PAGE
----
Cameron’s offers a classic, a la carte steakhouse menu of prime cuts of meat, served either relatively unadorned or in such variations as filet mignon Oscar with toppings of lump crabmeat and bearnaise sauce, and ribeye with gorgonzola and sautéed mushrooms and onions.
I’ve always believed a really good steak didn’t need much enhancement, but the cognac sauce on the New York strip au poivre the other evening was almost enough to convert me. It was rich, but not overly so, and it gave the tender, medium-rare meat a little extra appeal.
An especially harmonious appetizer to precede a luxurious cut of red meat is a sauté of wild mushrooms — portobellos, shiitake and button — atop rounds of sourdough bread and garnished with watercress.
There’s something unmistakably elegant about watercress, and it is a recurring garnish on the big white plates.
Despite its seafood sibling next door, Cameron’s offers several seafood appetizers, including oysters, chilled lobster and king crab legs, and also allows diners to create their own shellfish platter. One table did just that the other night, resulting in a showstopping presentation that had neighboring diners eyeing the icy mound piled high with seafood that was delivered to the couple. (It also has a showstopping price: upwards of $40.)
This is luxury dining, with a well-trained staff in white stewards’ jackets serving to white-linen-covered tables, and service includes many nice touches. The lobster bisque, for instance, is poured into the soup plates at the table from a little pitcher.
All of the accompaniments, from seven potato treatments ranging from garlic mashed to Lyonnaise (all $5.95), and vegetables including creamed spinach, cauliflower with cheddar and asparagus with béarnaise (all $6.50), are meant for sharing and in most cases are enough for three.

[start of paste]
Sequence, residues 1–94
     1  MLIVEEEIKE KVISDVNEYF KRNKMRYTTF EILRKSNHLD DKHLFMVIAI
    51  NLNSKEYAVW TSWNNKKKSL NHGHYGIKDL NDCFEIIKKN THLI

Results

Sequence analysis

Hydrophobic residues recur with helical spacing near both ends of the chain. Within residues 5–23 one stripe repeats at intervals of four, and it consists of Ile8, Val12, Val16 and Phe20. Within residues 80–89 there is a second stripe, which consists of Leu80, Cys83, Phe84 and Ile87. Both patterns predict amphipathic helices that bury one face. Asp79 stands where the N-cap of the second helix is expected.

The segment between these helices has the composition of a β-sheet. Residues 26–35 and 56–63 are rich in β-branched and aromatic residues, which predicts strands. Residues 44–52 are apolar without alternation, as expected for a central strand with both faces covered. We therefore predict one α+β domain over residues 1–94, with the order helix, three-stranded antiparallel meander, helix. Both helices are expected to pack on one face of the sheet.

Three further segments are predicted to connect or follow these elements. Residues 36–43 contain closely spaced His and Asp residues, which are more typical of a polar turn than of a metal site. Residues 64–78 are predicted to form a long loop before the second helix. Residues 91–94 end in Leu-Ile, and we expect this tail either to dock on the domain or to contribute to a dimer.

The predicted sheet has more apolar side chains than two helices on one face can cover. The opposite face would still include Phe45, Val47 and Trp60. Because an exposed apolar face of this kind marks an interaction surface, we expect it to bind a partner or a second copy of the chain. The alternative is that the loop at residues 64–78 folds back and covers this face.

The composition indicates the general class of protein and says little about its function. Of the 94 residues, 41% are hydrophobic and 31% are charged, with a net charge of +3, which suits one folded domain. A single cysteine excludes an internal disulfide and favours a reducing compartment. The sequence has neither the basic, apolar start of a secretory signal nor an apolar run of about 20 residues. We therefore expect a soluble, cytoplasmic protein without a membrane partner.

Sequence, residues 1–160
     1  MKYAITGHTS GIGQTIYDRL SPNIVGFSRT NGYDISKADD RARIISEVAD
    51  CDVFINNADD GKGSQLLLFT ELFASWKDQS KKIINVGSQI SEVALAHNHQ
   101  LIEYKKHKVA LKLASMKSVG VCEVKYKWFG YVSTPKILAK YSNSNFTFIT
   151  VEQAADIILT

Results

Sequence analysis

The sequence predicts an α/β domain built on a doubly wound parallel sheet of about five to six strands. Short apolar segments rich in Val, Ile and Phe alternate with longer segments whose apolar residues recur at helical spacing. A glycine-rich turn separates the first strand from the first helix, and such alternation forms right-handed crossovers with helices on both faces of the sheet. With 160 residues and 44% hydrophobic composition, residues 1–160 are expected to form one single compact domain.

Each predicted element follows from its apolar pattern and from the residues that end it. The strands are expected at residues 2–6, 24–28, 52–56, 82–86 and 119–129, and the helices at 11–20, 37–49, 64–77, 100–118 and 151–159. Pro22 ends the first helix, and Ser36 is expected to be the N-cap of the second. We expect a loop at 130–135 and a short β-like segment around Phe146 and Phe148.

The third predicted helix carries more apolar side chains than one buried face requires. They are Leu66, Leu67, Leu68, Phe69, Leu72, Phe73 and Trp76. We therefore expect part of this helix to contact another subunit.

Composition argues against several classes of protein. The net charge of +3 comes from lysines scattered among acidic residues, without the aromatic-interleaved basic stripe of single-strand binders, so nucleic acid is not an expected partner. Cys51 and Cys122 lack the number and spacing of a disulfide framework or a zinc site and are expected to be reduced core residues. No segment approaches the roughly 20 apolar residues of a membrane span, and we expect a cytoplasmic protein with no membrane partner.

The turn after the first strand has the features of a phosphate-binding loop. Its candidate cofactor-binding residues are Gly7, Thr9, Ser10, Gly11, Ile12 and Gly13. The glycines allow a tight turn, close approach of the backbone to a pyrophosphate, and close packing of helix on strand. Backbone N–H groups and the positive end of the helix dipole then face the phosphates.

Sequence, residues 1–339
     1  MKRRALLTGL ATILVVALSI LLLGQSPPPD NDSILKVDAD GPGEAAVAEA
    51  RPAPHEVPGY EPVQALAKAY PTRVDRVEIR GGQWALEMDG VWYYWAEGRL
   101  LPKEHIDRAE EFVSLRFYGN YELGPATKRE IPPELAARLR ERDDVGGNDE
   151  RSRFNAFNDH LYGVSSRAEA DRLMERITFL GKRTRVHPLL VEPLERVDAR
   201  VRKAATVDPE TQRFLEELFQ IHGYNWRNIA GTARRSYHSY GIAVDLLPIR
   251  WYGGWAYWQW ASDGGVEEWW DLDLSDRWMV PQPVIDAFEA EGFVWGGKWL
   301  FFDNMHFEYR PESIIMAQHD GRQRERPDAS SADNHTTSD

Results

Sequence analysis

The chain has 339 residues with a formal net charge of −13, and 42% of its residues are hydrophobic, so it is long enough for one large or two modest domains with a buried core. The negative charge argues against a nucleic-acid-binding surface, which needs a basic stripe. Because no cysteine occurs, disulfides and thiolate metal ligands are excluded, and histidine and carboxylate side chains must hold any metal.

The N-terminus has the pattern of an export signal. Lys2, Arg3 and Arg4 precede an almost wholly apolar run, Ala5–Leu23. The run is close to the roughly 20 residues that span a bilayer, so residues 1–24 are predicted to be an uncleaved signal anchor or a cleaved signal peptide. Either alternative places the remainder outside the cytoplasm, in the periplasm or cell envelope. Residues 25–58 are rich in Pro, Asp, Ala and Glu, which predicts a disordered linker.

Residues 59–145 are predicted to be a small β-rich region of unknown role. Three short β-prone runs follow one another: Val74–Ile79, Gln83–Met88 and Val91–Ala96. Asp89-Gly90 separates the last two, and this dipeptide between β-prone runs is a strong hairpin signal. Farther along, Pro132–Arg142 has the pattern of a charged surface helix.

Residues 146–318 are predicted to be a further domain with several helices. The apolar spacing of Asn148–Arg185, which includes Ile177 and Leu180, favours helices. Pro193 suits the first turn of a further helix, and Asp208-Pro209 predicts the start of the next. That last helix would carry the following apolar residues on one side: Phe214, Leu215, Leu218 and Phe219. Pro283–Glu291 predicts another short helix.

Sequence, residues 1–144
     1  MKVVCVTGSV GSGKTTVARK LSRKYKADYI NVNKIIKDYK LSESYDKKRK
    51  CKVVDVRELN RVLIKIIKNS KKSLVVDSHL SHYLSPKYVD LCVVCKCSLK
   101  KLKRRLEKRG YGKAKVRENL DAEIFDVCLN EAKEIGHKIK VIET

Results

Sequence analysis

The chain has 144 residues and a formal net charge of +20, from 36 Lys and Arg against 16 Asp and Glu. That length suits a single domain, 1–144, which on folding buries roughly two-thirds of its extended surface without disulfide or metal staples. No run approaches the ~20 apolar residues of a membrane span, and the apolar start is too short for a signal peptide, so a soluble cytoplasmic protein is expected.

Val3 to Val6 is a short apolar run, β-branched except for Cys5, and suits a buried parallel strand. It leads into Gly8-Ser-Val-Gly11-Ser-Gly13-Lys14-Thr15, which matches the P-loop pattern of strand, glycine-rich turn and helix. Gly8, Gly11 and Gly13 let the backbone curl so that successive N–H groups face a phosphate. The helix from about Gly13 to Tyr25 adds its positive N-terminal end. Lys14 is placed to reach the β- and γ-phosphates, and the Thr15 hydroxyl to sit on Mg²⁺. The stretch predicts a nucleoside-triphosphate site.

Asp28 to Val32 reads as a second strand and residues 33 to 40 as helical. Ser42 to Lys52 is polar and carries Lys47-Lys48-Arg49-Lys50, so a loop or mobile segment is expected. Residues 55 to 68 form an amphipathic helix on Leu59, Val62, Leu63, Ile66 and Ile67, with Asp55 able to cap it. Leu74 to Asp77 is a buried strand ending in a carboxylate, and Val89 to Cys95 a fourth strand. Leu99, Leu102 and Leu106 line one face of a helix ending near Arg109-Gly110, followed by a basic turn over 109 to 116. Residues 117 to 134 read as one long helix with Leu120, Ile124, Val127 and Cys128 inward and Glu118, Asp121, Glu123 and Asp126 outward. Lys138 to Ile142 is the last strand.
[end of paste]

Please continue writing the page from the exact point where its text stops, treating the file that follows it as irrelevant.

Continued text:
Breads are made-in-house, as are the classic (and classically rich) desserts of New York cheesecake, crème brulee and chocolate confections such as lava cake and turtle cake, which, like the side dishes, ought to be shared.
Cameron’s Steakhouse is one of the stable of restaurants run by Ohio entrepreneur Cameron Mitchell.
It is obviously the flagship of the bunch, and it is going to do very well in affluent Birmingham, where people are willing to spend money as long as the value is commensurate with the price.
And Cameron’s delivers sophisticated ambiance, good service and well-prepared American fare with just the right helping of panache.
October 15, 2004
Is there a wedge salad? Sure.
French onion soup and a creamed spinach side? Absolutely.
How about a New York strip, the obligatory giant Porterhouse, and filet mignons and lobster tails? Check, check and double-check.
Cameron's Steakhouse in downtown Birmingham won't win any prizes for menu originality, but probably to its credit, it didn't set out to reinvent the genre, either. With a few minor variations, it offers essentially the same lineup you'll find at the nationally known, high-end chains steak lovers have been supporting for years. It has the numerous sizes and cuts of big, aged, prime steaks seared at a gazillion degrees; the wide array of appetizers, soups, salads and sides that steak eaters have come to expect; an extensive wine list dominated by reds, and plenty of super-rich desserts including, of course, cheesecake.
It's an almost infallible formula, and Cameron's executes it with style.
But what distinguishes this newcomer is its urbane attitude. Its look is still decidedly rich, but it's more contemporary than many of the older national chains. No football pictures or golfing prints hang here. No piles of giant potatoes serve as decorations. No glass cases display cuts of aging meat. At Cameron's, the décor is all about elegance, comfort ... even sensuousness.